It is to be noted that the specific shapes and structures of the components in the embodiment described above are a mere example of embodiment when the present invention is carried out, and the technical scope of the present invention shall not be interpreted restrictively by them.

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Classifications
U.S. Classification369/30.32, G9B/17.056, G9B/17.054, 369/30.55, 369/30.53, 369/34.01
International ClassificationG11B17/22, G11B17/26, G11B17/08
Cooperative ClassificationG11B17/228, G11B17/225
European ClassificationG11B17/22E, G11B17/22C
Legal Events
DateCodeEventDescription
Mar 15, 2011FPExpired due to failure to pay maintenance fee
Effective date: 20110121
Jan 21, 2011LAPSLapse for failure to pay maintenance fees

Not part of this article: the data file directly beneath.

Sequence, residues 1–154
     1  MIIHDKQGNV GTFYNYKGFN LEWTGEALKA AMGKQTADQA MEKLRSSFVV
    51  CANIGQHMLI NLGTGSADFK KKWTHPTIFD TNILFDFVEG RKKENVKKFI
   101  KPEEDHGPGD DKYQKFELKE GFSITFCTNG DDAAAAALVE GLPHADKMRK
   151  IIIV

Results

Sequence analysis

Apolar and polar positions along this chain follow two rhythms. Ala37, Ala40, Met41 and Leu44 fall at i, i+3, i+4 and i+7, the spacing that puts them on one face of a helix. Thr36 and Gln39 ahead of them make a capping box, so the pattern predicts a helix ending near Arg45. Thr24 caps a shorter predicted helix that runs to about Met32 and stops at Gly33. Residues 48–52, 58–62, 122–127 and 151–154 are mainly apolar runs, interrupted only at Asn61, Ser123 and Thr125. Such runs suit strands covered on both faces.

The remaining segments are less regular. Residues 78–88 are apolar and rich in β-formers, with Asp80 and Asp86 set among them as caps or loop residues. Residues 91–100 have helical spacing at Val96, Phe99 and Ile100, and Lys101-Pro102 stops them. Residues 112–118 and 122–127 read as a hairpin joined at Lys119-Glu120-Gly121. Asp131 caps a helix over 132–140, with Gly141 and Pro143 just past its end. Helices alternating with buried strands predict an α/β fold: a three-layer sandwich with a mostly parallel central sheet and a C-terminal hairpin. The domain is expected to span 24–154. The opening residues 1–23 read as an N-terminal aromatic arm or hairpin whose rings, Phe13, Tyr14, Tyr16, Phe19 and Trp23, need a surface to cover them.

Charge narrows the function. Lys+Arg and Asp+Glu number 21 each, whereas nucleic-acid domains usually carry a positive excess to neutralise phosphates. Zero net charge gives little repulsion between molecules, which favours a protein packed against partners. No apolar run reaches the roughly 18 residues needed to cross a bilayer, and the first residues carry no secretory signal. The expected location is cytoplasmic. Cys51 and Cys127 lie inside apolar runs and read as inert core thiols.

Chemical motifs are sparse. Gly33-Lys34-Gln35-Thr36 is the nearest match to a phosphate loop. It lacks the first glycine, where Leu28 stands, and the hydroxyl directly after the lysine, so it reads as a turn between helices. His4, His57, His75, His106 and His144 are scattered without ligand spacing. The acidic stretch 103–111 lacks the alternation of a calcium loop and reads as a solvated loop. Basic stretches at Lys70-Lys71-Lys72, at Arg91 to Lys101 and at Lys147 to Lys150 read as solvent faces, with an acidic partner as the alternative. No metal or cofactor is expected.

Aug 30, 2010REMIMaintenance fee reminder mailed
Jul 21, 2006FPAYFee payment
Year of fee payment: 4
Jun 5, 2001ASAssignment
Owner name: SONY CORPORATION, JAPAN
Free format text: ASSIGNMENT OF ASSIGNORS INTEREST;ASSIGNORS:WATANABE, TARO;UCHIYAMA, YUJI;IRIBE, MASATSUGU;REEL/FRAME:011867/0761;SIGNING DATES FROM 20010518 TO 20010521
Owner name: SONY CORPORATION 7-35 KITASHINAGAWA 6-CHOME, SHINA
Free format text: ASSIGNMENT OF ASSIGNORS INTEREST;ASSIGNORS:WATANABE, TARO /AR;REEL/FRAME:011867/0761;SIGNING DATES FROM 20010518 TO 20010521